With full bellies, we disembarked the boat and started casing poppers around. For about half an hour, we caught fish on every second or third cast. Mostly whiting, but a few more flatties and some mullet also got in on the act. Frustratingly, all of the whiting were just under size-around 25-26 cm-but it was nonetheless an awesome little session. They were just so agressive, with many of the fish taken within half a second of the lure hitting the surface. Sometimes we wouldn’t even need to move the lure!
After around half an hour the fish seemed to shut down a little. We were only catching the odd one here and there so decided to head back into the deeper water to try for a few bream. It might have been the tide change that slowed them down. It had hit low tide and I suspect some cooler water was making its way in from the ocean. The bream didn’t seem to be playing ball, but we got a few more fish, the highlight being a nice tailor that Graz nailed on the surface.
By this stage we were both getting a bit tired and the non-stop popping was starting to take its toll on our shoulders and wrists. The ice was running low so we decided to call it and head back to base for some R&R. After cleaning the fish and having a beer this was the result:
Despite having fished hard for the last 24 hours, the itch still hadn’t been sufficiently scratched and we decided to head off, on foot this time, to see if we could catch a few more. We checked out the beach briefly and had a few casts in a likely looking gutter, but the lack of water meant there were few fish. We saw a school of baby salmon that could have been tempted with a small plastic, but gave it a miss. Sadly there was a tonne of rubbish on the beach that appeared to be left there by a friendly looking bunch of locals. We picked it up and put it in the bin, making sure to give them a good stare as we did so. Why would people go and have a picnic in a beautiful place then spoil it like that? Anyway, as anglers it’s important we tidy up after these fools (and other anglers who are similarly foolish). It might seem frustrating at times but it certainly helps, both in terms of the environmental and amenity perspectives but also in terms of public perception toward anglers. Not wanting to get too political here, but it’s interesting how the visual impact of some fouled line, bait packets and VB cans can be so powerful, whereas the visual impact of purse-seine caught tuna or trawled flathead and ocean perch is virtually non-existent. I always try to encourage people who consume fish to think about the comparative environmental impacts before slandering recreational anglers, many of whom are given a bad name from a small minority of irresponsible wankers.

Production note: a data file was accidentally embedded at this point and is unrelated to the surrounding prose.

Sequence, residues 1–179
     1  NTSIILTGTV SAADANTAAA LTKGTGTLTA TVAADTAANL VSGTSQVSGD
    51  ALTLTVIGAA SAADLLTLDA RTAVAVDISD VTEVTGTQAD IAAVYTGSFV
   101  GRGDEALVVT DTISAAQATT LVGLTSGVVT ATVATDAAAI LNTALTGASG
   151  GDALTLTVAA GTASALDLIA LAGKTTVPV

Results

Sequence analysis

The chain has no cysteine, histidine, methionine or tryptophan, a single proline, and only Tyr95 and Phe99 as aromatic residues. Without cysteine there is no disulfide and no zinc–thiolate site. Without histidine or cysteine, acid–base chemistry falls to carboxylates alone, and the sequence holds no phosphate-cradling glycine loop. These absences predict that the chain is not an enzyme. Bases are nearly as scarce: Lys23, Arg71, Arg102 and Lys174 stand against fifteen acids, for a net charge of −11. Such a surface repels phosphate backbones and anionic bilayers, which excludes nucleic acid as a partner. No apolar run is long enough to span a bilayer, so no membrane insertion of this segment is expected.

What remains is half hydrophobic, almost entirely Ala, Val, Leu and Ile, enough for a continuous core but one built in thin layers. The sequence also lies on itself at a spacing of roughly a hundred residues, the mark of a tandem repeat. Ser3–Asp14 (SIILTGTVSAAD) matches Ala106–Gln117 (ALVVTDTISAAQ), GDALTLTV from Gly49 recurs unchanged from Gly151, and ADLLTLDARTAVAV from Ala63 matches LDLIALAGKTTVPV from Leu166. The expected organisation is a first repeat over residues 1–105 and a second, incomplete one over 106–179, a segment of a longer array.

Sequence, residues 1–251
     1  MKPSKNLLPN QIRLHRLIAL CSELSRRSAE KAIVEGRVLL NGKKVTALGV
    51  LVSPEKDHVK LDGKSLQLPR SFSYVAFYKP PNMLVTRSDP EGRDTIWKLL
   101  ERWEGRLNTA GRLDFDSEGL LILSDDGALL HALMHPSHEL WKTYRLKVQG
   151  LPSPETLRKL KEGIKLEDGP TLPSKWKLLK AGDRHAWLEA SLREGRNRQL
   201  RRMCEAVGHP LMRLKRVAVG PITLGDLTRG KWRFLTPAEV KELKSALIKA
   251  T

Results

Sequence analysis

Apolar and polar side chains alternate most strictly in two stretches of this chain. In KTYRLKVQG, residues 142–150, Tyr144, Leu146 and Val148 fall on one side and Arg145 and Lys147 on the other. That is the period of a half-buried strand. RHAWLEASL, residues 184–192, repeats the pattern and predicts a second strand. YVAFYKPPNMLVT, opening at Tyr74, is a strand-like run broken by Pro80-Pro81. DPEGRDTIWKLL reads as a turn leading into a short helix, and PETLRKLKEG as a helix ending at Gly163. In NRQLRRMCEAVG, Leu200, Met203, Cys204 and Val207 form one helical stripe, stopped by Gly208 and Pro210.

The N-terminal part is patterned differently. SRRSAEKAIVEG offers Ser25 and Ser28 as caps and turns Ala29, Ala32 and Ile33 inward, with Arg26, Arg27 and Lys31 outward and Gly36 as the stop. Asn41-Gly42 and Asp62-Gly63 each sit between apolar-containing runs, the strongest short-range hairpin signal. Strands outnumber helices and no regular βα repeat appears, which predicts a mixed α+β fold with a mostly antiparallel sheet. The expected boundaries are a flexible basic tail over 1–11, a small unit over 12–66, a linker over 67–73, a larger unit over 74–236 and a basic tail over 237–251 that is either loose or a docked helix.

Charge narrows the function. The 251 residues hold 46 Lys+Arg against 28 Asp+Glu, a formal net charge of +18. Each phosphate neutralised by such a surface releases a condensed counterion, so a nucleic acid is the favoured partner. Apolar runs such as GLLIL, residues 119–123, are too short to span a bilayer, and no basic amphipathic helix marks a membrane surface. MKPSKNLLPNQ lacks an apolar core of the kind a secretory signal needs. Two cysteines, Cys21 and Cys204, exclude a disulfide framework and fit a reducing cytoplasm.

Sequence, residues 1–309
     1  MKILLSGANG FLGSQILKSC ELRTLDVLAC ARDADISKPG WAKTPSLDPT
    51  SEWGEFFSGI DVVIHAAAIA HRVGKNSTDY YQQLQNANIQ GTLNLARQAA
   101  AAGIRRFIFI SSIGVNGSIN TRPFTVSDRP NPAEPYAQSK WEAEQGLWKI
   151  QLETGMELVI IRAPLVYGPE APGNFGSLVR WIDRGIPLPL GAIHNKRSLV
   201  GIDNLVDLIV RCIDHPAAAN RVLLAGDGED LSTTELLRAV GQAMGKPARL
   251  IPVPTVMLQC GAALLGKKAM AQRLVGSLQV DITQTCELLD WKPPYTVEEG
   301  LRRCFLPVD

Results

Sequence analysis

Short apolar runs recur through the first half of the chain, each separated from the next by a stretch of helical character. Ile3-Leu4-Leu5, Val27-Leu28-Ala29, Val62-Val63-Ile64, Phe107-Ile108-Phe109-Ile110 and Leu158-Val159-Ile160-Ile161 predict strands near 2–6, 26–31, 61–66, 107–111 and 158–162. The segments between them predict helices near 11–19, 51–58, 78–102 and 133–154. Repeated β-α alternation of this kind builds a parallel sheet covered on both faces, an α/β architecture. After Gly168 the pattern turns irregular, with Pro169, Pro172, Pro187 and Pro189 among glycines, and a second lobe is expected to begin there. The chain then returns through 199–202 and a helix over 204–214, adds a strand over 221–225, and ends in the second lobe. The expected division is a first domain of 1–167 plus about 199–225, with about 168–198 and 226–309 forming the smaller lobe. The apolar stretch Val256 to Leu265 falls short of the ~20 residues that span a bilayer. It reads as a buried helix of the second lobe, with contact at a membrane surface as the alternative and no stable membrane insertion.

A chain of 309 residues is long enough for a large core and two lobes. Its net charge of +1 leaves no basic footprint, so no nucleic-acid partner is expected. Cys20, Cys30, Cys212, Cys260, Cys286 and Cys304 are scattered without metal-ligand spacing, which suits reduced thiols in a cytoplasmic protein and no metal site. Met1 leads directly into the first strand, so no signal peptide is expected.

Next we went back around to the flats and waded the banks. Graz had a cracker of a session but I only landed a few fish. Sometimes that’s what happens! I think he’d landed a few tailor, a nice bream and a couple of flatties before I got my first fish – a small snapper of around 15cm!
On Sunday we decided to head out on the boat again to see if we could snare a few more fish for the freezer. After trying for half an hour or so at the telephone poles, it became apparent that it was going to be tougher than the previous two days. The wind had shifted around to a north-easterly and it was far cooler. Perhaps the fish were full from the previous day, when many of them had been coughing up small baitfish and a surprising number of nippers when landed.
With only a few small flatties and touches at the telephone poles, we decided to head to the flats again to try our luck. On the way, I got breath tested by the coppers, which was a bit of a novelty. Typically, they didn’t laugh at my light-hearted jokes about not trying to see whether my boat gets up on the plane (I don’t have a license, but I can honestly say that the little 9.8 horsepower does NOT get my tinny on the plane, despite the cocky copper assuring me that it would). Whilst boatside, with me holding on to their rubber ducky, one of the cops leaned over and inadvertently hit their boat into gear, almost taking off with my boat and some other lads on the other side. Needless to say, this didn’t seem to improve our relationship with the stern looking fellows but provided a bit of a laugh once we’d disconnected from the law to continue our fishing.
Despite a nice chop on the water, we weren’t getting the boils and follows we’d had on the previous two days. We could see the fish following from time to time, but they were hanging a foot or so beneath the poppers and weren’t interested in having a go. I decided to tie on a stick bait, which I’ve had very little success with in the past, and managed a nice bream and a tailor. I’m sold by the ‘walk the dog’ style when the fishing is tough. It’s much slower than popping, but seems to do the trick.
Graz finished off the session with a nice tailor, that ended up as part of lunch:
It was great to see that Wallaga Lake keeps on improving. I’m sold on the fact this should one day become a designated recreational only fishery. Surrounded by national parks and the beautiful Gulaga mountain, this is a stunning part of the world. Something I was thinking about during this trip is how fishing lets you reconnect with nature. In our busy city lives, surrounded by concrete, ambition and superficiality, I sometimes forget how important it is, as humans, that we try to understand and reconnect with the natural world around us. It’s good for the soul.
Lee Georgeson, February 2012